Edible Playscape
Edible Playscape
Nils Norman, 'Edible Playscape', 2001. Courtesy of Arnolfini and Bristol City Council.


Edible Playscape



Edible Playscape was an art proposal by Nils Norman for the City Centre roundabout, St James Barton. The roundabout, which is characteristic of post war city centre redevelopment, is an open area sunken below a network of highways


Nils Norman proposed converting the roundabout into a community allotment where a large sculpture would be sited, named The Monument to Civil Disobedience. The sculpture would also function as an adventure playground, and would be connected to the surrounding city by skywalks and bridges. The proposal, which takes the form of a two-sided poster, asks viewers to consider their own aspirations against the agendas of the organisations and agencies who determine the design and use of public space. 
The Arnolfini and Bristol Legible City commissioned Edible Playscape as part of ‘Trouble Shooting’; an exhibition of the work of contemporary artists that addressed the public sphere through re-imagining spaces of leisure and considering the activities destined for those spaces which coincided with the exhibition ‘Para-Cities: Models for Public Spaces’ by Vito Acconci / Acconci Studio. The publication is available from Arnolfini bookshop at £5.00 ISBN: 9780907738664 

Nils Norman 

Nils Norman was born in Kent, England in 1966. He studied fine Art Painting BA Hons at St. Martins School of Art in London. After graduating in 1989 he moved to Cologne, Germany. There he lived for three years and collaborated with the artists Stephan Dillemuth and Josef Strau at their experimental storefront project Friesenwall 120, during this time Norman also set up a small gallery space in London, which later became Milch. In Cologne Norman worked for one year assisting the German painter Gerhard Richter in his atelier.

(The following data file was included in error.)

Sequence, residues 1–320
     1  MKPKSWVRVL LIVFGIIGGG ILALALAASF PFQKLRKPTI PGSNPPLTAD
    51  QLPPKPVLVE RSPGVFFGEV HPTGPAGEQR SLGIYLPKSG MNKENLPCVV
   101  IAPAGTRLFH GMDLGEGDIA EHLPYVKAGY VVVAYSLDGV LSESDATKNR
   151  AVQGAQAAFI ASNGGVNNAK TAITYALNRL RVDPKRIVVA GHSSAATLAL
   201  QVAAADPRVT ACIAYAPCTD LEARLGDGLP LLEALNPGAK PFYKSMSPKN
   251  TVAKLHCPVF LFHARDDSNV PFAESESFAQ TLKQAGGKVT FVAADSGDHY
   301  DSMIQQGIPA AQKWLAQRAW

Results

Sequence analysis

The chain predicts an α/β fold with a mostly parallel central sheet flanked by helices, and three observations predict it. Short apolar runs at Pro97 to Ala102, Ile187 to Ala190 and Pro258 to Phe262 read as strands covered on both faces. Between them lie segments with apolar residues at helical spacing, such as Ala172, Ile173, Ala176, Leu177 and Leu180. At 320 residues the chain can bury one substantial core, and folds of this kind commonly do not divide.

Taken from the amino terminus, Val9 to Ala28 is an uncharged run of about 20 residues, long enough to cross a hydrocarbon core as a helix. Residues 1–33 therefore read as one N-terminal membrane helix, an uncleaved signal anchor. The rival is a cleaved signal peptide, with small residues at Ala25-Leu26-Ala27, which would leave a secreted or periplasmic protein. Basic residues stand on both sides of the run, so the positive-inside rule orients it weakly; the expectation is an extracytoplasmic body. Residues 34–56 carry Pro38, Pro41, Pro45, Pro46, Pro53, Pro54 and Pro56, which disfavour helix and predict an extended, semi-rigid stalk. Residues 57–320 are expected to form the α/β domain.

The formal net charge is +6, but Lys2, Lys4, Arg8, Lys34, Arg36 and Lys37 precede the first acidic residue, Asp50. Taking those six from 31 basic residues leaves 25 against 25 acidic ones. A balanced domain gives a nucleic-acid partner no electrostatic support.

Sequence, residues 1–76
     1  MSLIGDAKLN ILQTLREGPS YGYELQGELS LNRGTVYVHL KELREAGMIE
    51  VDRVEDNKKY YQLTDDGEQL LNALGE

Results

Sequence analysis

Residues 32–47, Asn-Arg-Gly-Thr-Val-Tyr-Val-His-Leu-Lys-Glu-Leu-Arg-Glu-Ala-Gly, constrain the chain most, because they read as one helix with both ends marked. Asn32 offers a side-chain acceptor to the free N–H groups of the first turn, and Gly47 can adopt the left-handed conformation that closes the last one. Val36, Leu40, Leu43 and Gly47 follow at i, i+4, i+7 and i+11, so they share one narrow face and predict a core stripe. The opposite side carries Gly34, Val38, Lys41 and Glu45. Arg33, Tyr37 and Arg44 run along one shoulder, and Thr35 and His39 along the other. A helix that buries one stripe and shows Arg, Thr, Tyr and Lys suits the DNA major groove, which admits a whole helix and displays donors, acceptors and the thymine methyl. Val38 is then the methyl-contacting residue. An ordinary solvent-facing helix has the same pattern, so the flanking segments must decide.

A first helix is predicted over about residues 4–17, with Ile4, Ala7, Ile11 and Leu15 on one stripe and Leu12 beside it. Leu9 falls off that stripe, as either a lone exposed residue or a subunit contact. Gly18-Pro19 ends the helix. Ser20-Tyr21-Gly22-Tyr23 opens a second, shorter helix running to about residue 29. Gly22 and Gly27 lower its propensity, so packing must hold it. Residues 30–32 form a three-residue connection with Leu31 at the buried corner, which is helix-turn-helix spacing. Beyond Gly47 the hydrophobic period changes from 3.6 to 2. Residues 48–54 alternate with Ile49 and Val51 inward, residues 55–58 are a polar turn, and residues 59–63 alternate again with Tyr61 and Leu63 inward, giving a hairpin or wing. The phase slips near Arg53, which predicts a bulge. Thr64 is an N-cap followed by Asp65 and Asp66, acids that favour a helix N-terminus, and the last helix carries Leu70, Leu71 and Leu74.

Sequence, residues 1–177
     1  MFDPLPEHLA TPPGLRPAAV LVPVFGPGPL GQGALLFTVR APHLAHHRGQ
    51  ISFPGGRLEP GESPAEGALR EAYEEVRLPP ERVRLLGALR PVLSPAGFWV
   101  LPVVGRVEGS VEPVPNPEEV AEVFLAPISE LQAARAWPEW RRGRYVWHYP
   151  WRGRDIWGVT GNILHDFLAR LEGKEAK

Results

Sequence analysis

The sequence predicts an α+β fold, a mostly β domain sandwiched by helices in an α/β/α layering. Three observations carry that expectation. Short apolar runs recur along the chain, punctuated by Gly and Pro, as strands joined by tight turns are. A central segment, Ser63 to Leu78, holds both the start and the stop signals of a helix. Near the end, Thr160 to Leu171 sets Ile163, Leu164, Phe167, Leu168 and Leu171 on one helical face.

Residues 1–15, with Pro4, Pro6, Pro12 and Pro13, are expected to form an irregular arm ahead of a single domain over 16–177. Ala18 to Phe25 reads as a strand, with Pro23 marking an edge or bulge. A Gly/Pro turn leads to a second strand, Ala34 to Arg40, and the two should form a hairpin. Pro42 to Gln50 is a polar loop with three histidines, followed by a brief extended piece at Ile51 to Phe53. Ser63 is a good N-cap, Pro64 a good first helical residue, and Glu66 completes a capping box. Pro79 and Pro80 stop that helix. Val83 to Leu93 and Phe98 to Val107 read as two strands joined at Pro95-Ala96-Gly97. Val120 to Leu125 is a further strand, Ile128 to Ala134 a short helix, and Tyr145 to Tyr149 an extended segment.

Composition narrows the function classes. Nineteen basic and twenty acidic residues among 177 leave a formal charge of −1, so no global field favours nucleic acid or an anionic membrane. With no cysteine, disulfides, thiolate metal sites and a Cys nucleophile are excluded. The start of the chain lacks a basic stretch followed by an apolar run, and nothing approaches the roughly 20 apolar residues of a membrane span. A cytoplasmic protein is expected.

His first US exhibition was at the Pat Hearn Gallery in Chelsea (with Denis Balk and Simon Leung), after which he began to be represented by the late Colin Deland at American Fine Arts. Norman founded an experimental space called Poster Studio on Charing Cross Road, London. This space was a collaborative effort with Merlin Carpenter and Dan Mitchell. In 1998 in New York he set up Parasite, together with the artist Andrea Fraser, a collaborative artist led initiative that developed an archive for site-specific projects. 

Norman now lives and works in London. He exhibits internationally in commercial galleries, museum, and in public and alternative spaces. He writes articles, designs book covers and posters, collaborates with other artists, teaches and lectures in European and the US. Norman completed a major design project: an 80m pedestrian bridge and two islands for Roskilde Commune in Denmark in 2005 and has collaborated with Nicholas Hare Architects on a school playground project for the Golden Lane Campus, East London.